Saturday, June 23, 2007

We Take Requests II

When Hug the Shoggoth asks about one of the section titles of next week's talk, CitizenSE listens. And excerpts:

Westward Expansion, Manifest Destiny, and the “Opening” of Japan

It makes sense to begin a history of shifting American images of Japan with the expeditions headed by Commodore Matthew Perry in 1853 and 1854. But I want to start in the previous decade with the Mexican War of 1846-1848, for there is a direct connection between it and the appearance of the Black Ships off Edo Bay. Beyond the fact that Perry himself was a celebrated veteran of the Mexican War, I will go further and claim that the “opening of Japan” was made possible by the “winning of the West.” To see why this is so, let’s review the larger history of U.S. westward expansion over the course of the nineteenth century and examine notions of American manifest destiny that became popular by mid-century.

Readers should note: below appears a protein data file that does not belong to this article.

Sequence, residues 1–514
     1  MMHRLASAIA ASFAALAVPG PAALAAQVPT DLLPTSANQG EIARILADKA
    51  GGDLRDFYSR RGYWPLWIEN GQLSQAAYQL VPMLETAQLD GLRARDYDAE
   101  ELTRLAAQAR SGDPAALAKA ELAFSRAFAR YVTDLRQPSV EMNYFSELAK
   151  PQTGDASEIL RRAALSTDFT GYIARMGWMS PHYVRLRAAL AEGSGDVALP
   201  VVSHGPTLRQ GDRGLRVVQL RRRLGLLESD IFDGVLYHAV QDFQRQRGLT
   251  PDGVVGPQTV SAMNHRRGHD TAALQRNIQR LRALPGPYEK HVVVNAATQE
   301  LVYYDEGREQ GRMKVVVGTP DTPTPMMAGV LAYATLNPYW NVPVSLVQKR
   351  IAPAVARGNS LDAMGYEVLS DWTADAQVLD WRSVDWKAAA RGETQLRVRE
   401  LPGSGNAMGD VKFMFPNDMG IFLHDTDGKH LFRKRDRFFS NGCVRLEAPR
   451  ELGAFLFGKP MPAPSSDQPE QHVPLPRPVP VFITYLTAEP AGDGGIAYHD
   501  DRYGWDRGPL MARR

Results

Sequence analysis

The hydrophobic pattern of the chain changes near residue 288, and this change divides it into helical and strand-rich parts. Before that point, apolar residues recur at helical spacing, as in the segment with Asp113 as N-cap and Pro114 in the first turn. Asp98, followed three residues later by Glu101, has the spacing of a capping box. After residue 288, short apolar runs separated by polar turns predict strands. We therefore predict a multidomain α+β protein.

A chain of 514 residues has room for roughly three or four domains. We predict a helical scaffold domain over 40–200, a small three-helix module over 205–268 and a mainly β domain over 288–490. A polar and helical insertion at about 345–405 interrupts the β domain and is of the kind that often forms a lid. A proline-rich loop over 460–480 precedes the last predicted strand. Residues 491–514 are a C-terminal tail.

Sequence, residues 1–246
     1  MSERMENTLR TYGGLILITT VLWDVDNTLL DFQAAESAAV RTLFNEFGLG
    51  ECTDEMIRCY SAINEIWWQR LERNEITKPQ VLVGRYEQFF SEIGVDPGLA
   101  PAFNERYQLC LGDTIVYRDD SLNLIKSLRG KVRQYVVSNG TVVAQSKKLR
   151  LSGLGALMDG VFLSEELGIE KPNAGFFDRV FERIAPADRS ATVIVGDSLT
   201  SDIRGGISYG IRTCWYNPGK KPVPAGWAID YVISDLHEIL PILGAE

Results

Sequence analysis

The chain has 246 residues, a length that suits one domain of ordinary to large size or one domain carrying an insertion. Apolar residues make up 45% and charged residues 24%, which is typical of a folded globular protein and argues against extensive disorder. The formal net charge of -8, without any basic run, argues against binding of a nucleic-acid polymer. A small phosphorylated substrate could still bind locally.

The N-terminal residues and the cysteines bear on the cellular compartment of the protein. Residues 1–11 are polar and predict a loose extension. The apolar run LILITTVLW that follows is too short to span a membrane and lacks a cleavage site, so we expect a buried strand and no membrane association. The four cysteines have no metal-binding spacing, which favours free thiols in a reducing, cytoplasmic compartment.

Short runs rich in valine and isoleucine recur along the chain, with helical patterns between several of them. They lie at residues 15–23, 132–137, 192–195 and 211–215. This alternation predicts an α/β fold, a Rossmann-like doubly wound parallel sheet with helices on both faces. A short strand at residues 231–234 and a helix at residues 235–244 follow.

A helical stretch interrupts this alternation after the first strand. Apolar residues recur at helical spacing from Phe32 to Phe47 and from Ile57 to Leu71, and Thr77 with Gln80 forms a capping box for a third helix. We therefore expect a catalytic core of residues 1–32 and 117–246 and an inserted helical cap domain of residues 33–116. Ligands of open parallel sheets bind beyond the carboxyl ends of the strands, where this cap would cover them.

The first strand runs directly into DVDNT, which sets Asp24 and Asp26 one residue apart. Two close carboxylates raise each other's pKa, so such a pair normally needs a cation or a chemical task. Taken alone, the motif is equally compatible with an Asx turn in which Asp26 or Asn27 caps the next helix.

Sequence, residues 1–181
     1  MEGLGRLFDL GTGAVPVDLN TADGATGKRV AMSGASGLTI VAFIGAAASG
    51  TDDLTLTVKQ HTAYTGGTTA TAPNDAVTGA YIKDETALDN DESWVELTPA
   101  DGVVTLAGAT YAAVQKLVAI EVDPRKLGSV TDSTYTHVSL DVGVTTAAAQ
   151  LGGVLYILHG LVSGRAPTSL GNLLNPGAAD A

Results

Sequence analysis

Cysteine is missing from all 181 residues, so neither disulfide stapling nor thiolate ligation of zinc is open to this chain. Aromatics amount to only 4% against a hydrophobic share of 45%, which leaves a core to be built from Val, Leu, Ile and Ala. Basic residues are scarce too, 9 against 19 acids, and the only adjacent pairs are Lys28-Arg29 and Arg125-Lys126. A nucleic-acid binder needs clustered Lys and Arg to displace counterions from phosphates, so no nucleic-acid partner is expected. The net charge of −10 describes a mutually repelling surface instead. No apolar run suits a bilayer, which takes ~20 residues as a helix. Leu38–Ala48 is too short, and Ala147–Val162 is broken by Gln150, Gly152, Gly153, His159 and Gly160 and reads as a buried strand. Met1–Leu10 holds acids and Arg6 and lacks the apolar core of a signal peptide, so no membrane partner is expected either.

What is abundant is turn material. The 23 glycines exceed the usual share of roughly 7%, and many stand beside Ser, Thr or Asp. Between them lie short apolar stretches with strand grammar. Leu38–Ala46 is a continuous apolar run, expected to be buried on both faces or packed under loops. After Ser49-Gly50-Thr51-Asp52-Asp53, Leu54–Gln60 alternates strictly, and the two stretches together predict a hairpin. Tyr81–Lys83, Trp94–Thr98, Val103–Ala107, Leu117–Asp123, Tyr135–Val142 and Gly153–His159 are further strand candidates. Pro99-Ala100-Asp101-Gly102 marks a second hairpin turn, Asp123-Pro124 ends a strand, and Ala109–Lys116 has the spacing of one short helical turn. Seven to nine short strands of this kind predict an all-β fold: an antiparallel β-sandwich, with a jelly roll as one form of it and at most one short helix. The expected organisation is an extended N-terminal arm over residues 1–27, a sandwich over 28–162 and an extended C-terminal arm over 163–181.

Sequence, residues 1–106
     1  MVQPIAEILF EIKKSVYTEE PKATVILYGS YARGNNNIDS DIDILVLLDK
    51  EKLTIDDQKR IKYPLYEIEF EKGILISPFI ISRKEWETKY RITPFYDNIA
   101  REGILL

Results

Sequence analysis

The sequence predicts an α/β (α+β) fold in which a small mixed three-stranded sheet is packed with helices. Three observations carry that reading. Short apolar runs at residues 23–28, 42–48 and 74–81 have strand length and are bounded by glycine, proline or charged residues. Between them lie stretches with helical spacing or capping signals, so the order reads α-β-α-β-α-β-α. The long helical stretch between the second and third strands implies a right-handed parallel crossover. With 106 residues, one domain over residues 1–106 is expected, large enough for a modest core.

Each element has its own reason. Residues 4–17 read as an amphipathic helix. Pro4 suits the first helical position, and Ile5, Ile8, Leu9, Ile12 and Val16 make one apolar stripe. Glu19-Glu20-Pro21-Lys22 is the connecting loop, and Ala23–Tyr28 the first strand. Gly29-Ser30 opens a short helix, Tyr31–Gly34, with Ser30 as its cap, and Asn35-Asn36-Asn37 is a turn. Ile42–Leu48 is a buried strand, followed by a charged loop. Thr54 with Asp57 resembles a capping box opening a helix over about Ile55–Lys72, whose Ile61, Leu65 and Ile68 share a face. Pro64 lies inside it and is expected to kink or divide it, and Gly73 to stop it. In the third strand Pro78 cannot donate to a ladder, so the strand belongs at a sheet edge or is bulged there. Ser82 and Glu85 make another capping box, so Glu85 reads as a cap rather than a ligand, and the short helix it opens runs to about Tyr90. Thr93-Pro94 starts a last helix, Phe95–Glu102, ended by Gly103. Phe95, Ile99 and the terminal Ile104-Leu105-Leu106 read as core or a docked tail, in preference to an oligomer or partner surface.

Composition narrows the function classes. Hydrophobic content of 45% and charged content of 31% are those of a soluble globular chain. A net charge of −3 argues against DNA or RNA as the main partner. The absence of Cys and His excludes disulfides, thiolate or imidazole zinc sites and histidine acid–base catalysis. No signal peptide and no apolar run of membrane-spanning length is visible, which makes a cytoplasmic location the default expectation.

Over the course of the nineteenth century, the United States went from being a small nation of thirteen states on the east coast of North America to a large nation in possession and control of much of the continent, including the noncontiguous territories of Alaska and Hawaii. Before the Mexican War, the largest expansion of U.S. borders occurred in 1803 with the Louisiana Purchase. What we now know as the Haitian Revolution, the world’s only successful slave revolt, made this purchase possible, as France lost interest in its North American holdings after losing the most valuable colony in the New World at the end of the eighteenth century. It took most of the first half of the nineteenth century for the U.S. to actually control the territory it purchased, as Indian Wars and Indian Removals punctuated crises and compromises over the expansion of American slavery. But by the mid-1840s, after the purchase of the Oregon territory from England, a border dispute between the recently-independent nation of Mexico (formerly New Spain) and the even-more-recently independent Republic of Texas (formerly part of Mexico) provided a pretext for the U.S. to start the Mexican War. The Treaty of Guadalupe Hidalgo that ended the war in 1848 on highly favorable terms to the U.S., along with the California gold rush in 1849, gave the U.S. government great incentive to turn their paper purchase of what is now the American Southwest into actual U.S.-controlled territory, not least to have Pacific ports for exploration, trade, and projection of military forces and strategic interests. Although this process was interrupted by the Civil War and took up much of the second half of the nineteenth century, even by mid-century many American explorers, scientists, and missionaries had joined the whalers and traders criss-crossing the Pacific—not to mention Herman Melville, who published several novels set in the Pacific and Pacific islands years before Perry arrived in Japan.